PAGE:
City health officials say a stronger policy against herpes-linked circumcision practice would be ineffective; critics charge they are merely shifting liability.
While haredi spokesmen are remaining mum about a new New York City health department proposal to require informed consent from parents whose newborn sons will undergo direct oral suction as part of the bris ritual, the plan is drawing criticism from some outside the religious community.
“The proposed policy is a contractual maneuver to shift liability for endangering the infant from the mohel to the parents,” said Marci Hamilton, a leading church-state scholar and professor at the Cardozo School of Law.
“Mayor [Michael] Bloomberg appears to be more concerned about sugary drinks than he is about an infant contracting herpes, which is potentially fatal,” Hamilton told The Jewish Week, adding that “oral suction should be banned regardless of politics and religious identity.”
Health department officials see the issue differently, however.
In an interview with The Jewish Week, Dr. Jay Varma, the health department’s deputy commissioner for disease control, said that an inability to monitor circumcisions on an ongoing basis would likely make a ban ineffective.
Varma added that “we also don’t feel that if we went and passed some type of ban we would likely be able to influence the mohelim in this community to change their practices. We just simply don't believe that, given the political and religious circumstances in which this is occurring, [a ban] would really make any impact on the procedure.”
Instead, Varma said, “our goal with all of this is to protect the health of infants in New York City ... by informing the parents or guardians of these infants of the hazards to their health and trying to get them to make the best possible decision.” According to Varma, the document will also “have specific language about the risks of infectious diseases, including herpes, from performing direct oral suction.”
A spokesman for the haredi umbrella organization Agudath Israel declined to comment on the proposed rule, and a call and e-mail to Rabbi David Niederman, the executive director and president of the United Jewish Organizations of Williamsburg, Inc. (UJO), were not returned.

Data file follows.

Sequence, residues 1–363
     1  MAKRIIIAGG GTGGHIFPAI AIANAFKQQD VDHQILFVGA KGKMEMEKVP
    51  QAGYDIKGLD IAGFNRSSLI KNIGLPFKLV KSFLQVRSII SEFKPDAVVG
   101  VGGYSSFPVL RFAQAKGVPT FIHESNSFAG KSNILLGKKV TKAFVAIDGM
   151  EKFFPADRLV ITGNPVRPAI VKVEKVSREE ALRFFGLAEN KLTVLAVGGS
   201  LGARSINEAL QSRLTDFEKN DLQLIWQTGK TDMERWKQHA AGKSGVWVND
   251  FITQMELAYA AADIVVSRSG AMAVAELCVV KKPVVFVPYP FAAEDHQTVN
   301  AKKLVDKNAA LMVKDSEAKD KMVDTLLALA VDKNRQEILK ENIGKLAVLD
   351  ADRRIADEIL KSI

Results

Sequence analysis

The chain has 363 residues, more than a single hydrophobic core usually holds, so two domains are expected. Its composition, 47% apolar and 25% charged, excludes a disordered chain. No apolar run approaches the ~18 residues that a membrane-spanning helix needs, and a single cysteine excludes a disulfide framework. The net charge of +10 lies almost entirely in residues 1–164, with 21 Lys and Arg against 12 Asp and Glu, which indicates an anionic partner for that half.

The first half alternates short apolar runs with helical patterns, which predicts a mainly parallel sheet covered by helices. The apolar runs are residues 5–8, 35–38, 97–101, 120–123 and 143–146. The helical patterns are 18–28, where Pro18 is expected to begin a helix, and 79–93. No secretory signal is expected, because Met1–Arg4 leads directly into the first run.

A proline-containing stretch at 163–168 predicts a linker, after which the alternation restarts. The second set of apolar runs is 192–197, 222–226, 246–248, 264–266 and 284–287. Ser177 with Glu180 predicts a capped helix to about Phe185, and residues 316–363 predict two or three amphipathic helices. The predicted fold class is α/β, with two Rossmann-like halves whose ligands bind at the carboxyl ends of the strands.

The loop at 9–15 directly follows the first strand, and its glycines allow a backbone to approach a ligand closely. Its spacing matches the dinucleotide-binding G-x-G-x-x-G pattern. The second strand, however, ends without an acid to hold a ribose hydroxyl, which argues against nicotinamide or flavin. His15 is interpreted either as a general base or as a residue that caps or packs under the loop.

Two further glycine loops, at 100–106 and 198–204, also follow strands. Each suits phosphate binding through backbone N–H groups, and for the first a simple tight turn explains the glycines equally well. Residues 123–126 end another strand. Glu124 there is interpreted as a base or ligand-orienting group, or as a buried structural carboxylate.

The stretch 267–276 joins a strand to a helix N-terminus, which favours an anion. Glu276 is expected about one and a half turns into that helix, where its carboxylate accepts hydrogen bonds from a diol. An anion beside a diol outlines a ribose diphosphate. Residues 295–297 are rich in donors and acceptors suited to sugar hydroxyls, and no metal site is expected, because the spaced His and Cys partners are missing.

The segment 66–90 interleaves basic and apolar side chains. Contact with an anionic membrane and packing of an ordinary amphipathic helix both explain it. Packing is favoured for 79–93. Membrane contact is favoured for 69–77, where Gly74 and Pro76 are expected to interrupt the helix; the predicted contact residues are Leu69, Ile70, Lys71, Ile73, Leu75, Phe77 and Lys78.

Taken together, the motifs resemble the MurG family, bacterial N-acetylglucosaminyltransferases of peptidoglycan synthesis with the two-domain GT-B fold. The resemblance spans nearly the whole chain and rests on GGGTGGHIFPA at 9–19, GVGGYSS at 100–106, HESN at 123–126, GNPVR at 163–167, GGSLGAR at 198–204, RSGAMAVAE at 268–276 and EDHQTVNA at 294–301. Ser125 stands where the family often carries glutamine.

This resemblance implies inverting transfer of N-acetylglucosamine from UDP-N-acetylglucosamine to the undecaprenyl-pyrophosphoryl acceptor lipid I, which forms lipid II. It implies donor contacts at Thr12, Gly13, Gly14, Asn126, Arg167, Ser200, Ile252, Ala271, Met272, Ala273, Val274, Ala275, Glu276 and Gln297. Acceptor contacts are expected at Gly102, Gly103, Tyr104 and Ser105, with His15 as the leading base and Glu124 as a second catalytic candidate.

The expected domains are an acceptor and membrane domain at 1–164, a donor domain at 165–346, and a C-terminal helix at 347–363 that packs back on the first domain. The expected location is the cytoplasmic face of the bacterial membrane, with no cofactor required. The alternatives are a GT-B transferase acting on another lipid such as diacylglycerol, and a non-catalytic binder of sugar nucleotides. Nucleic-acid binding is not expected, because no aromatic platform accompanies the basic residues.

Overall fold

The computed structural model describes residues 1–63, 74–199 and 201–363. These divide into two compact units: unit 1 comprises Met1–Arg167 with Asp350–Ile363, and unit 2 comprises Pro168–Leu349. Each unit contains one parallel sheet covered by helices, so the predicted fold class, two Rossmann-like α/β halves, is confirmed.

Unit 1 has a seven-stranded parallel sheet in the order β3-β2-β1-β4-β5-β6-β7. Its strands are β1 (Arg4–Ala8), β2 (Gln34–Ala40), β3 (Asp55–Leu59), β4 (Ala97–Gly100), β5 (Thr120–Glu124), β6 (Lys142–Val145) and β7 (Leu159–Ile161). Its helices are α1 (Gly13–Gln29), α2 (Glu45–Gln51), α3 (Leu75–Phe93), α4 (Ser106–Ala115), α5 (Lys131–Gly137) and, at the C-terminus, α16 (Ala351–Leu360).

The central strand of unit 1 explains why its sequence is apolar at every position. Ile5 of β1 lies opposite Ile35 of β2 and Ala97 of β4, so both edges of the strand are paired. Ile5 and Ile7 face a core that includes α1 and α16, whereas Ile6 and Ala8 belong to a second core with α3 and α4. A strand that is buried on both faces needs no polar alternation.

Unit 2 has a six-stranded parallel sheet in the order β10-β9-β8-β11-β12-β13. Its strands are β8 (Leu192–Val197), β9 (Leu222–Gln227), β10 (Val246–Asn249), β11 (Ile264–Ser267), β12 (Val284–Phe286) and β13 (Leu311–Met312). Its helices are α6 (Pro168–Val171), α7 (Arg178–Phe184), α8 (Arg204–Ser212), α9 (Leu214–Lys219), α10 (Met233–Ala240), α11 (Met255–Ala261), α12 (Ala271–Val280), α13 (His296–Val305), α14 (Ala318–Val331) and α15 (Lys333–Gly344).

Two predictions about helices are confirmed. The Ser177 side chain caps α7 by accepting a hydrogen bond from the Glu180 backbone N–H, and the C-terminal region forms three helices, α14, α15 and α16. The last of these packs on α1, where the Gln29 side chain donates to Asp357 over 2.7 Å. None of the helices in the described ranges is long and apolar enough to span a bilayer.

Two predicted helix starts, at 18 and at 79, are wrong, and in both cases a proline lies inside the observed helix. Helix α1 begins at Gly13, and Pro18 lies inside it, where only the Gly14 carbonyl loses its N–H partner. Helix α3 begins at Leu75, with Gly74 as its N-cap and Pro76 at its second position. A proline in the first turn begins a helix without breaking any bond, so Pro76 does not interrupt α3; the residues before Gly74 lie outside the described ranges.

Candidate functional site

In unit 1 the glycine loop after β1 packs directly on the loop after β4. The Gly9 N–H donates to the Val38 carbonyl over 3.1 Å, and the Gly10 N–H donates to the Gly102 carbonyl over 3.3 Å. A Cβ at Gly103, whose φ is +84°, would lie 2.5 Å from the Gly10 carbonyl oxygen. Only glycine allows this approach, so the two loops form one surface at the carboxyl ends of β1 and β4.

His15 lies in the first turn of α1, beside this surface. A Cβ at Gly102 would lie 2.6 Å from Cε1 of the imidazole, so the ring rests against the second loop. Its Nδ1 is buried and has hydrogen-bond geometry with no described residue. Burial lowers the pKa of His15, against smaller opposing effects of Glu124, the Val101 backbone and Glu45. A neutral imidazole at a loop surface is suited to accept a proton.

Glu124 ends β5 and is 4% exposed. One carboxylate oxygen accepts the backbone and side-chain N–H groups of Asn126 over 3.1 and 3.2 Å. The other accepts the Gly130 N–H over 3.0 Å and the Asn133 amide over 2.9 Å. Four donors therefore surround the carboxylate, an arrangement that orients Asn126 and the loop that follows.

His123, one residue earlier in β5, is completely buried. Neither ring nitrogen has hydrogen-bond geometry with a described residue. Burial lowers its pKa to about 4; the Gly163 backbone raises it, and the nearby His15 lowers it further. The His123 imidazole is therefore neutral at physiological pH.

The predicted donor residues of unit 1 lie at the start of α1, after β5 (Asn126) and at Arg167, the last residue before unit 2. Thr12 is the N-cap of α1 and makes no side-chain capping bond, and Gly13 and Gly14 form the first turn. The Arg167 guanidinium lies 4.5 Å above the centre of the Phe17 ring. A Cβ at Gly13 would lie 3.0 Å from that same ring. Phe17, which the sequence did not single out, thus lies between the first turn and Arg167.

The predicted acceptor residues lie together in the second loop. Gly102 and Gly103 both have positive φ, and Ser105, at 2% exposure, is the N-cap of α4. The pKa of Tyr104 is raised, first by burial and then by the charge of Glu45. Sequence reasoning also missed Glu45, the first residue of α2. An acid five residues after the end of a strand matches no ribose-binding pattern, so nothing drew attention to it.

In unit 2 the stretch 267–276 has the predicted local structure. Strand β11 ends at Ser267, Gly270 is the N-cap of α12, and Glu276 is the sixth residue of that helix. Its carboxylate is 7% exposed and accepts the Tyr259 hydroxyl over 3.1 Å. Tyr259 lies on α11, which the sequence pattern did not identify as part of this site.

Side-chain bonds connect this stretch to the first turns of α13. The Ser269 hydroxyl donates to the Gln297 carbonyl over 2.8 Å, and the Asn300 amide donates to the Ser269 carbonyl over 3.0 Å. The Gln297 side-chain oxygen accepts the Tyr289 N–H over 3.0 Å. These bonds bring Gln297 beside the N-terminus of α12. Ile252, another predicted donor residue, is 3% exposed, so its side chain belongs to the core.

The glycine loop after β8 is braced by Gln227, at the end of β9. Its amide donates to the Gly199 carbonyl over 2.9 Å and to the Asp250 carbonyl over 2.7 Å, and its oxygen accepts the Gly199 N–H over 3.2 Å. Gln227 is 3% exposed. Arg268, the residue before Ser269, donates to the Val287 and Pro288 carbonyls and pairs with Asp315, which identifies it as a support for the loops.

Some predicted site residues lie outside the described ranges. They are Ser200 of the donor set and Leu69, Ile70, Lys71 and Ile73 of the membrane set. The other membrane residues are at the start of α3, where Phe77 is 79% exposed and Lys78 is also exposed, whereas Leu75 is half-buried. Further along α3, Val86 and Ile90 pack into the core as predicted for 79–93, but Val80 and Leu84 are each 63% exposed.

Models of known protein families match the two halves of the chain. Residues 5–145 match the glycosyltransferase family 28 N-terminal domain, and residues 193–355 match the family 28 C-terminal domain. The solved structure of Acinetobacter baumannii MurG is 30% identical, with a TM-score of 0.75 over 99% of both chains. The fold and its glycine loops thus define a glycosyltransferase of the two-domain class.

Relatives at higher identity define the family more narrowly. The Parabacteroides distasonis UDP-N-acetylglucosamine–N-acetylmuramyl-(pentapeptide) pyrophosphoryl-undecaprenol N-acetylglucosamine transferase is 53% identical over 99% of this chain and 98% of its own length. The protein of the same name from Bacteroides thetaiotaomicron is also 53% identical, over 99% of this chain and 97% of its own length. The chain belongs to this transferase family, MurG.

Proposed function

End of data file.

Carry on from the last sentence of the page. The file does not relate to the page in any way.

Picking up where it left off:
As recently as March, Rabbi Niederman told The Jewish Week that “we are convinced that there is no connection” between neonatal herpes and metzitzah b’peh and that “we will continue to make metzitzah b’peh.”
Rabbi Avi Shafran, the spokesman for the Agudah, told The Jewish Week at the time that, while he does “not claim any scientific assessment of infection risk from metzitzah b’peh … I do believe that if there were indeed anything approaching a ‘substantial risk’ … we would be hearing, at least anecdotally, of high infant mortality in certain areas of Brooklyn, which we do not.”
The new proposal comes on the heels of the release by the city’s health department of a strongly worded statement asserting that there is “no safe way to perform [direct] oral suction on any open wound in a newborn” and advising against the practice. A number of city hospitals — including Maimonides Medical Center in Brooklyn, where several of these infections have been treated—have agreed to distribute a brochure describing the risks of MbP to the parents of newborn sons.
These statements coincided with the release of a Center for Disease Control report that describes 11 cases of MbP-related herpes infections — including two deaths and one case of brain damage — in New York City between 2000 and 2011 (The report does not include two 2009 cases in Rockland County confirmed by the Jewish Week and two recent cases in New Jersey reported by the Forward.) From this data, the CDC estimates a relative (though not absolute) risk of herpes to those undergoing MbP as being 3.4 times greater than that among male infants unlikely to have had MbP. (Depending on how a statewide analysis might change the ratio of infections to total MbP procedures performed, the relative risk might be different than suggested by this report).
The CDC report also notes that one family whose child was infected chose to use the same mohel on another son three years later, who also became infected. Further, according to the report, in the case of an infant who died this past September, “the parents would not directly answer questions about whether direct orogenital suction occurred.” However, The Jewish Week obtained recordings of conversations involving family members of the deceased infant that indicated that MbP was in fact a part of the bris ceremony and that the mother planned to use the same mohel again if she were to have another son.
Since the death of an infant in 2004 from herpes contracted from a mohel who practiced MbP, the ritual has been a source of conflict between city health officials and the politically powerful ultra-Orthodox community, some segments of which believe that MbP is integral to the bris. While the practice has never been outlawed by the city, in 2007 the New York State health department banned one mohel, Yitzchok Fischer, from engaging in it (The Jewish Week obtained information indicating that Fischer may have violated the ban).
The 11-member Board of Health is now accepting public comments on this proposed rule, until July 13 and a public hearing will be held on July 23, at 10 a.m. The Board of Health will vote whether to adopt this rule during its next meeting on Sept. 13, 2012. Public comments may be submitted in writing or orally and can also be submitted online at: http://www.nyc.gov/html/nycrules/downloads/rules/P-DOHMH-06-12-12-e.pdf
The Jewish Week feels comments create a valuable conversation and wants to feature your thoughts on our website. To make everyone feel welcome, we won't publish comments that are profane, irrelevant, promotional or make personal attacks.